EFTPOS nearly died a long slow death as a result of this mismanagement. It came pretty close to being turned off by the banks (presumably in favour of cheques).

        So, back to Snapper.
        Since Infratil is not – last I checked – the Reserve Bank and NZ Bus is not a trading bank – why should we as consumers want to prop up these guys attempt to build their own “proprietary” payment system using our PT transport systems and in doing so holding up the rollout of the agreed by everyone else but NZ Bus, payment system in the meantime?

        And when such Snapper system is inferior to the alternatives in just about every way you can name, except that it is better for NZ Bus/Infratil on the basis that with Snapper they control and earn interest on all the unspent balances (and gather PT travel data they can only dream of), it certainly does rub salt into a very raw wound, especially round here.

        And further to that, when you look back and see that its really basically all a lot of repeat behaviour of exactly what the banks did in the 80s with the cheque and debit card transactions. you can see why there so many angry, doubting Thomases.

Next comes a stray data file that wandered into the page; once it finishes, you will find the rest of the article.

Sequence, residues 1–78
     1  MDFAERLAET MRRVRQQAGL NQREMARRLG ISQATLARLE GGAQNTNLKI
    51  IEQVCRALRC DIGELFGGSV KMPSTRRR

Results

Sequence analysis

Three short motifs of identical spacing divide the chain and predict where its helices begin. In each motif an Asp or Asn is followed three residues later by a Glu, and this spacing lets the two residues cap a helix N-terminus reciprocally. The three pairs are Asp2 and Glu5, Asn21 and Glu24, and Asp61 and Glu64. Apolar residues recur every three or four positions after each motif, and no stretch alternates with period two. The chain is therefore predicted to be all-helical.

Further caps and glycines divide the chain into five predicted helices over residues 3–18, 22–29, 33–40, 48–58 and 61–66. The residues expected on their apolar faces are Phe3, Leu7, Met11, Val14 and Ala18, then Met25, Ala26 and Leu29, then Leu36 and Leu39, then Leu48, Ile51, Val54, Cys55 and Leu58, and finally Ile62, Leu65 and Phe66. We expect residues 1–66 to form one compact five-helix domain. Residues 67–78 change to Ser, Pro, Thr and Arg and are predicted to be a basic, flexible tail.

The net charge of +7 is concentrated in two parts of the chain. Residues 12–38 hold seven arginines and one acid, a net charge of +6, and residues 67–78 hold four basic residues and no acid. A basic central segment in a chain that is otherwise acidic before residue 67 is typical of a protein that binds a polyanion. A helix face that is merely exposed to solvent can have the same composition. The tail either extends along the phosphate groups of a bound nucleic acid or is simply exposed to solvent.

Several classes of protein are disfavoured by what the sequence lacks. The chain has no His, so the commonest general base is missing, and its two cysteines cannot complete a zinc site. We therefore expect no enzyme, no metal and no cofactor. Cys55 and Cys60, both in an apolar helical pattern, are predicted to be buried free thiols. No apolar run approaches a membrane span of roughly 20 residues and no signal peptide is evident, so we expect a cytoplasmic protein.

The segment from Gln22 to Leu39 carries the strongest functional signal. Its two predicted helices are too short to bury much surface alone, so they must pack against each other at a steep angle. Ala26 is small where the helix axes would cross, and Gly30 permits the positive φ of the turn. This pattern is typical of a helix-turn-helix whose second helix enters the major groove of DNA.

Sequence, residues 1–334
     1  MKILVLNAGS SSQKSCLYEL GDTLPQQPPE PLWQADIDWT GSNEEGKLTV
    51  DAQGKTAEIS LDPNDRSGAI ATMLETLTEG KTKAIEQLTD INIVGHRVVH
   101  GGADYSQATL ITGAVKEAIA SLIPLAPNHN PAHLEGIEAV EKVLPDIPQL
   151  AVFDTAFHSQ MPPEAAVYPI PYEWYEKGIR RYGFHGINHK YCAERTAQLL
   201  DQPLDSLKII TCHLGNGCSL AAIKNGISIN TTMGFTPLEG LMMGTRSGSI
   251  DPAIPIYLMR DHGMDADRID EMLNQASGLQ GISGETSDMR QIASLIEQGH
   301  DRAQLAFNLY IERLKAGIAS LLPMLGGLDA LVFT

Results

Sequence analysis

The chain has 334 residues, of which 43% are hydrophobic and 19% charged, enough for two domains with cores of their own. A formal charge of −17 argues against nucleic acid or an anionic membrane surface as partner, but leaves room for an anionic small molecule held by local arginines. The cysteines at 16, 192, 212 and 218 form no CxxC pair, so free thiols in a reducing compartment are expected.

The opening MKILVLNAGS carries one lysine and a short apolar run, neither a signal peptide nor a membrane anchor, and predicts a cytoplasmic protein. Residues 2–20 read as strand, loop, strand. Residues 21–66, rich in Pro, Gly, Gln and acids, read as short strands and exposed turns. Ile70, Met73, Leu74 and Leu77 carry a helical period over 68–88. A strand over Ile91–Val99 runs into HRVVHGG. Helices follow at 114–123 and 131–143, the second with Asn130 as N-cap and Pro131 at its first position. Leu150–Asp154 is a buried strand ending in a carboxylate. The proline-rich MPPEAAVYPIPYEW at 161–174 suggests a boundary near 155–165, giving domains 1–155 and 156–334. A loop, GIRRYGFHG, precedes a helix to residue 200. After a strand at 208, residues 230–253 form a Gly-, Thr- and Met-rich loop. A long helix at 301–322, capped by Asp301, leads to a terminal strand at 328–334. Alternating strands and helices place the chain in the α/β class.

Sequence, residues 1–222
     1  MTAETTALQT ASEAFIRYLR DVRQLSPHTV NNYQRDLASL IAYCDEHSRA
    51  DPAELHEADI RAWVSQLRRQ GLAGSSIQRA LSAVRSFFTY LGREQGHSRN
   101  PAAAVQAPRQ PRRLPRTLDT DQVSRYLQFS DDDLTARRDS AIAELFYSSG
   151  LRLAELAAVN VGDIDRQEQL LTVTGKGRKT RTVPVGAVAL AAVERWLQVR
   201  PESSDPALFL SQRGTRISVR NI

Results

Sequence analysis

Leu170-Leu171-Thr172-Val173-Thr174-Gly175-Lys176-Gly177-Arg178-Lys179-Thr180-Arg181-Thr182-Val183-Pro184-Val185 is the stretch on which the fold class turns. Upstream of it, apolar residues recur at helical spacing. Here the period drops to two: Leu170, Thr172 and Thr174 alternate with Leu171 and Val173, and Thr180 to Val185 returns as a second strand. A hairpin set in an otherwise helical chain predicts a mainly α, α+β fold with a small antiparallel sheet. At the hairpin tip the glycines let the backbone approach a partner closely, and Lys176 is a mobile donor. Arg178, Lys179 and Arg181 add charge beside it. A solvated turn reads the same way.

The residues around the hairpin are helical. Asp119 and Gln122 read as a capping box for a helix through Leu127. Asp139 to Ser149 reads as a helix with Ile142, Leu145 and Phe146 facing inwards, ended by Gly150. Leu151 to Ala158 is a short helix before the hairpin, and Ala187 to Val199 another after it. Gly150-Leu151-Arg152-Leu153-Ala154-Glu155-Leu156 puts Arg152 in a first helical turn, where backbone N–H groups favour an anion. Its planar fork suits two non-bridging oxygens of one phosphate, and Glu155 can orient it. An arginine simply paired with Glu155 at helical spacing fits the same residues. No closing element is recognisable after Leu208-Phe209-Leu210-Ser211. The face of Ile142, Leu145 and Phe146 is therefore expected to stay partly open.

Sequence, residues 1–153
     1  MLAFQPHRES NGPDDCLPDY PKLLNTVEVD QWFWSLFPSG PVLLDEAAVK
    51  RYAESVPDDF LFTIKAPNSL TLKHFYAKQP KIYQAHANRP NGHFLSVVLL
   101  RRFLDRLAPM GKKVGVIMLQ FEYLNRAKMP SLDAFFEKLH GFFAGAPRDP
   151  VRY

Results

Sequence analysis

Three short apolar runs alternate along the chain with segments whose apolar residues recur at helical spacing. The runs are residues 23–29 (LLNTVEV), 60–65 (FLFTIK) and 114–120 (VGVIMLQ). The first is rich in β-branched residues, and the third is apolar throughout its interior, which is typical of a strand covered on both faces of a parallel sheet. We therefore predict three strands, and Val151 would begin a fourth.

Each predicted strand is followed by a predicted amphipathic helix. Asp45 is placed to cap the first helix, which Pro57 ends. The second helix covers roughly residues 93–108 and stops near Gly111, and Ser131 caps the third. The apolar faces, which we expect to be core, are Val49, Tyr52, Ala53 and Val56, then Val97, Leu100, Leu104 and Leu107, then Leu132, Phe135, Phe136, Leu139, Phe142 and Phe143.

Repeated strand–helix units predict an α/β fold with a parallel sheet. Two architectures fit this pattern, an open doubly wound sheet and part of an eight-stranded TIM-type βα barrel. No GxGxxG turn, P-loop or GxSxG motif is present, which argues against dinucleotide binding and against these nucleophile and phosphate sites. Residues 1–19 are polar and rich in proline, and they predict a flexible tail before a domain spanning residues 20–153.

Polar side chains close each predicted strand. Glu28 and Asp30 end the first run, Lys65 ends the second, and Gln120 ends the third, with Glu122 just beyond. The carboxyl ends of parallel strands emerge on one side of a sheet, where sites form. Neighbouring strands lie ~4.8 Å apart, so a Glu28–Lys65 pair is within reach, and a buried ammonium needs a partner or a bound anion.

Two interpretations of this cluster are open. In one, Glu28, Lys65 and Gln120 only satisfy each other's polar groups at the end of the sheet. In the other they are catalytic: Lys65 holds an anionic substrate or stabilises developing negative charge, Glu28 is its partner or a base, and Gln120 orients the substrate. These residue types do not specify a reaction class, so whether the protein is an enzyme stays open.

So, if Snapper et al want to build a proprietary payment system, well and good, but just don’t expect me or anyone else who use PT in Auckland to pay for that build. If the folks in Wellington chose to, thats well and good for them.

        Payment systems will come and go. Cheques were king, then credit cards, now EFTPOS, Snapper may be in that mix too – for a while – for some cities.

        But in essence Snapper has always been and still is a proprietary payment system from a single retailer (NZ Bus), which is looking for someone elses parade to get in front of. Its no different than all those various payment products around in the 80s, except its gussied up with the gilt edging and colours of “contactless payments” and “more convenience”.